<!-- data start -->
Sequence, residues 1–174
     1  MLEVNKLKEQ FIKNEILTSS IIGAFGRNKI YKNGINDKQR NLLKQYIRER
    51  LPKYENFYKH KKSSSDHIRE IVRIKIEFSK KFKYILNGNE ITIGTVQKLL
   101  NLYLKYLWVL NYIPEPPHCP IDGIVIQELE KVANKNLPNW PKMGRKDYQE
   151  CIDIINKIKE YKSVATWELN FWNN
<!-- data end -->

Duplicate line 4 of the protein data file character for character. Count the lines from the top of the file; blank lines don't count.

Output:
   101  NLYLKYLWVL NYIPEPPHCP IDGIVIQELE KVANKNLPNW PKMGRKDYQE